Blog - Grasping Vocation

Religious Ruts in Your Work World: Part 15

Friday, July 02, 2010




A flight attendant said, “The Great Commission is what we're called to. It is the number-one reason that God put us here. We need a job just to make our house payments and pay the bills.” In Your Work Matters to God, Doug Sherman and William Hendricks use this quotation to illustrate what they call the “Mainstream Model” of Christian thinking. In this view, the primary reason for working is to evangelize. The “just” in the quotation downgrades earning to a bothersome necessity.

Some religious traditions make it seem as if God tolerates earning an income but would much prefer that all of us would “live by faith.” An example from the Internet: “Going fulltime in the ministry is often called living by faith. . . . Trusting and leaning on the Lord to supply your needs, depending on him instead of a paycheck it is quite a different lifestyle. You know just the fact that there is no overtime to lean on in a crunch is a little scary. It really is trusting in the Lord.”

Hidden message: If you get your income from a paycheck, you're not really living by faith, not fully trusting the Lord. Unstated reality: Those who “live by faith” in this way usually derive their income from the paychecks of working people generous enough to share what they've earned.

In his book, Business as a Calling, Michael Novak says church leaders sometimes send out the message that, “The making of money is taken to be a sign of ‘materialism'.” You may have picked up similar signals. But does Scripture equate making money with materialism?

God, in the Old Covenant, treated wages as something honorable. Concerning the hired worker, God's orders were, “Pay him his wages each day before sunset” (Deut. 24:15). Proverbs 10:16 says, “The wages of the righteous bring them life, but the income of the wicked brings them punishment” (Prov. 10:16). For righteous people, then, wages are a good thing. Jesus himself said, “…the worker deserves his wages” (Luke 10:7).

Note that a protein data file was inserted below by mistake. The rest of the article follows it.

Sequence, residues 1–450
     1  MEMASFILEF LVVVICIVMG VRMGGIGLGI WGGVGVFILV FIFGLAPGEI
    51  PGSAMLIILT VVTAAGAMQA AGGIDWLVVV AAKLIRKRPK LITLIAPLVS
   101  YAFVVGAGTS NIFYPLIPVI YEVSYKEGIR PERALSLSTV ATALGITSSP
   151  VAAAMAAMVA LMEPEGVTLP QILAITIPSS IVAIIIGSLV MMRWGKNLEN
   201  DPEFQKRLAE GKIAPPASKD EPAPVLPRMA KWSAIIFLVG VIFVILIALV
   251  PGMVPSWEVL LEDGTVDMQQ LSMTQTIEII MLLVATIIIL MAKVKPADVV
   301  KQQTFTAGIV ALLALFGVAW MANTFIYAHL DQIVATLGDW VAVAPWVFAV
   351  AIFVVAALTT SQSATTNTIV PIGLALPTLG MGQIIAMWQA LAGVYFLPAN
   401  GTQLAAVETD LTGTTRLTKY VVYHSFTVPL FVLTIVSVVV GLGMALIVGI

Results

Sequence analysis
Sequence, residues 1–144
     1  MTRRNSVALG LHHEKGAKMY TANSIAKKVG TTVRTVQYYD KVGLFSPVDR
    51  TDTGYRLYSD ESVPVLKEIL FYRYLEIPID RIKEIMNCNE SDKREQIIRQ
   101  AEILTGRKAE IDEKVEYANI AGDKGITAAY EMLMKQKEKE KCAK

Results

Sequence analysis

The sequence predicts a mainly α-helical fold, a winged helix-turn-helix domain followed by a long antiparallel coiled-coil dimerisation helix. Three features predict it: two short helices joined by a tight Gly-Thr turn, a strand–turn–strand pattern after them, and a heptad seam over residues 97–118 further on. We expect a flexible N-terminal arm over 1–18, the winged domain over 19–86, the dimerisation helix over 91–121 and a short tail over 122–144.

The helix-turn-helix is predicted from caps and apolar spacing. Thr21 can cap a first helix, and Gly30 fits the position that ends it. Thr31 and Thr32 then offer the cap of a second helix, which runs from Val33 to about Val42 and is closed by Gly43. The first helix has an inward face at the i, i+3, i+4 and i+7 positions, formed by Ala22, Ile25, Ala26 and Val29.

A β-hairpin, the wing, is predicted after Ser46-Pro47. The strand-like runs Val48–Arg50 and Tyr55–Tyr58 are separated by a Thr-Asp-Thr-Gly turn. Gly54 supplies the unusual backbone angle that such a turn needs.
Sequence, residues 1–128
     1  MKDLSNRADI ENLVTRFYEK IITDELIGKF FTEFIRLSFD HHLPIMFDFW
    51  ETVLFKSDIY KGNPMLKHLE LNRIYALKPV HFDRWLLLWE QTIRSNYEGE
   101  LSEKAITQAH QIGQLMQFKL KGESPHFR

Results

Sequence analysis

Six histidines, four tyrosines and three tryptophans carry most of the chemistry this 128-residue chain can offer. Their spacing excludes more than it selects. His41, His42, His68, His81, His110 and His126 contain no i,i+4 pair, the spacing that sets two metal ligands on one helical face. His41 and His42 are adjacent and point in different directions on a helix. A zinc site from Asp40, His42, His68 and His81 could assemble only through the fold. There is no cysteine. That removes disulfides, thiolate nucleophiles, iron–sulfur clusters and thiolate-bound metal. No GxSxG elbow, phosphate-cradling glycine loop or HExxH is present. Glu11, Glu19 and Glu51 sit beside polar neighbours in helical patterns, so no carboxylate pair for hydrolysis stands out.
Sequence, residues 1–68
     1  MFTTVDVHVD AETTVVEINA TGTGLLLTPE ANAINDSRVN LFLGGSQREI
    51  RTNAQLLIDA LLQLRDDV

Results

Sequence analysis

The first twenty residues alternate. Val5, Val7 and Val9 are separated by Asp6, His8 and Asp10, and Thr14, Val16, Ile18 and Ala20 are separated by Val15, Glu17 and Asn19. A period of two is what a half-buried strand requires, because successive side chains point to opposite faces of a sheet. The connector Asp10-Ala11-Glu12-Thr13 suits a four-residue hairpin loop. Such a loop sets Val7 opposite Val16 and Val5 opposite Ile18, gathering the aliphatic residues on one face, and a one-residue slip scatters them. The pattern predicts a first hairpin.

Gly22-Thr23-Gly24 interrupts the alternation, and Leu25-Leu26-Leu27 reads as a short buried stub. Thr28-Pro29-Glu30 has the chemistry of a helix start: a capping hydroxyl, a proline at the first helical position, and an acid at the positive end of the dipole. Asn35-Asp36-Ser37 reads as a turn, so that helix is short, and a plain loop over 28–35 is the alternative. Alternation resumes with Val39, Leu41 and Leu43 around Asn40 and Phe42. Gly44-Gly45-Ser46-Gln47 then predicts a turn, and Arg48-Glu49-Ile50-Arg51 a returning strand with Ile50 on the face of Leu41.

Abraham, the father of faith, must have been a very good businessman. The Bible describes him as, “very wealthy in livestock and in silver and gold” (Gen. 13:2). Isaac “had so many flocks and herds and servants that the Philistines envied him” (Gen. 26:14). Paul earned money to support himself by making tents (Acts 20:23). Making and having money, then, does not automatically make you materialistic.

Consider what the Bible teaches about the uses of money:

· To meet your own personal need for support. “Make it your ambition to lead a quiet life, to mind your own business and to work with your hands, just as we told you, so that your daily life may win the respect of outsiders and so that you will not be dependent on anybody” (I Thess. 4:11-12).

· To care for the needs of your family. “If anyone does not provide for his relatives, and especially for his immediate family, he has denied the faith and is worse than an unbeliever” (I Tim 5:8).

· To have enough to share with those in need. “And do not forget to do good and to share with others, for with such sacrifices God is pleased” (Heb. 13:16).

· To share with our Christian teachers and gospel workers. “Anyone who receives instruction in the word must share all good things with his instructor” (Gal. 6:6; see also III Jn. 5-8).